Biology of Bruchidius Villosus (Coleoptera:Bruchidae) on Scotch Broomin North Carolina

S. G. Redmon, T. G. Forrest, George P. Markin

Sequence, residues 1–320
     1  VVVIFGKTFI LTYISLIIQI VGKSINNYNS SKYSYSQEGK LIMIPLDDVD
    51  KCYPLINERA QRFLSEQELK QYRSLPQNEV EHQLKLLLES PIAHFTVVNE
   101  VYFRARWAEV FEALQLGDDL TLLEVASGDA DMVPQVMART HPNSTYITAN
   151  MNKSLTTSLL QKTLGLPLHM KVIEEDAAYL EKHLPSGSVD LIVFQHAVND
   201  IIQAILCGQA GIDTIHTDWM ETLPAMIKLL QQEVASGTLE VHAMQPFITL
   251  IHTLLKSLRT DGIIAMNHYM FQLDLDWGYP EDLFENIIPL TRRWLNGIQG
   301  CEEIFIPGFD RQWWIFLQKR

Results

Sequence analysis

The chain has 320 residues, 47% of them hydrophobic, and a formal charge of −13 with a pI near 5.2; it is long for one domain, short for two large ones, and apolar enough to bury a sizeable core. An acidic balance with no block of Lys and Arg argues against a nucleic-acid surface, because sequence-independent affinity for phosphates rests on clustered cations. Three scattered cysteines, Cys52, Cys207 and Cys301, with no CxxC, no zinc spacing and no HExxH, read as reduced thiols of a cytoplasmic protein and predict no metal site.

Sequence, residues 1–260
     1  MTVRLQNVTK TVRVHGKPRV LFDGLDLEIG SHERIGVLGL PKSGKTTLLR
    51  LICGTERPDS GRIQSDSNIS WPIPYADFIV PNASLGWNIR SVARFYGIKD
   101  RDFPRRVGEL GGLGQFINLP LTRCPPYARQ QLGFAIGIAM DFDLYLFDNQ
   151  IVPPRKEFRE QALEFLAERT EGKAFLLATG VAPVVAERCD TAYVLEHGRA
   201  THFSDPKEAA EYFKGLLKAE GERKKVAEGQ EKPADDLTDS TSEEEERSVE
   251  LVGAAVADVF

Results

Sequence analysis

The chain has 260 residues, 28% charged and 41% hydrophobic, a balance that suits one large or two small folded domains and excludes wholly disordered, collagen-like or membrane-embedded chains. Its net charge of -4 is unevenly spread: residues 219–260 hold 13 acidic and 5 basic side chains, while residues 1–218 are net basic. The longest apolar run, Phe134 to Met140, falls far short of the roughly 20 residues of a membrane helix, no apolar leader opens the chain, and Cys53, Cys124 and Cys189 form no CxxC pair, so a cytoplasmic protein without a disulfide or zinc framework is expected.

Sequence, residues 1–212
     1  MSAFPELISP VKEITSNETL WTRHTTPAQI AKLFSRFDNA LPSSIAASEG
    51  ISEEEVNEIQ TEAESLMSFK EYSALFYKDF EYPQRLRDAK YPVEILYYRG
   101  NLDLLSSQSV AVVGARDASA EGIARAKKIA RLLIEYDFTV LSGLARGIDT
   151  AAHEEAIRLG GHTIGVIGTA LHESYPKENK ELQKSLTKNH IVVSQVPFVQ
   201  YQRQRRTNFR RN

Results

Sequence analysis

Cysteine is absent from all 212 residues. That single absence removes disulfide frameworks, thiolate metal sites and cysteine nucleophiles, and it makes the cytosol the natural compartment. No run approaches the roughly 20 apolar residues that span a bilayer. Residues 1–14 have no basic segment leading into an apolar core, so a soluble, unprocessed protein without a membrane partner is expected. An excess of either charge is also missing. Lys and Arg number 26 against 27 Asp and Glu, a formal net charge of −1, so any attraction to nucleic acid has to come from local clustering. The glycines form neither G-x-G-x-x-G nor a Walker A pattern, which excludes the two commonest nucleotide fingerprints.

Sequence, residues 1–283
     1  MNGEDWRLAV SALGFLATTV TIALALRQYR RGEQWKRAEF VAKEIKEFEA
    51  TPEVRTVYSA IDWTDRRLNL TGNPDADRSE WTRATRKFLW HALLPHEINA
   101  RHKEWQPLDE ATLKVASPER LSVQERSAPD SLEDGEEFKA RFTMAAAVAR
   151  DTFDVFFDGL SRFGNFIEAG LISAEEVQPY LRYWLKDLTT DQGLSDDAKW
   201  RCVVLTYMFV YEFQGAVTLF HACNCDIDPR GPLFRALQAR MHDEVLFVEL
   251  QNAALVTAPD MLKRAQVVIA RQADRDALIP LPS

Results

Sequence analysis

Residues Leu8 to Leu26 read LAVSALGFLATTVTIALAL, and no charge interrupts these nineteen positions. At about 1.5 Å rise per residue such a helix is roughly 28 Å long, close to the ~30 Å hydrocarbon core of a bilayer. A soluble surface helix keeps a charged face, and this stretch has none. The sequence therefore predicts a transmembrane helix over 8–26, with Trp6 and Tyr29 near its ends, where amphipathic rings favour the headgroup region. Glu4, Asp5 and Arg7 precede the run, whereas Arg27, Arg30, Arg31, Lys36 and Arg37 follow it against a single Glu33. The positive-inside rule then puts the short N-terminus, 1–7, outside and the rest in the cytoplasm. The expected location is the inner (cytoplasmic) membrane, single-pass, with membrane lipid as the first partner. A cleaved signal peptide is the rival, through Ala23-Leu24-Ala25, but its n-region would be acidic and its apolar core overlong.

Scotch broom, Cytisus scoparius (L.), a weed in the Pacific Northwest, is rapidly invading open areas and ecologically sensitive dunes along the coast. Scotch broom populations also exist in the eastern United States, but are apparently stable and not expanding. The eastern Scotch broom populations may be kept in check by the broom weevil, Bruchidius villosus (F.), a bruchid found in eastern populations of broom but absent from those in the Northwest (Bottimer 1968). We studied the natural history and biology of the broom weevil in North Carolina. Our purpose was to relate the bruchidís life history to the phenology of the host plant and to quantify oviposition and seed destruction by the bruchids. Adult weevils were active around the plant from the first flowering in early spring until dehiscence of the seedpods in summer. The sex ratio of the beetles was nearly 1:1 throughout the adult activity season. The number of weevil eggs laid on the pods was correlated to the length of the pod and to the number of seeds in the pod. The larvae develop in and destroy the seeds of the broom plant. Seed destruction at two sites in North Carolina was more than 80%; a field experiment showed that seed destruction was dependent on the density of beetles in cages on the plants. Because of its impact on seed production, the broom weevil may be a viable candidate for biological control of broom in the Northwest.

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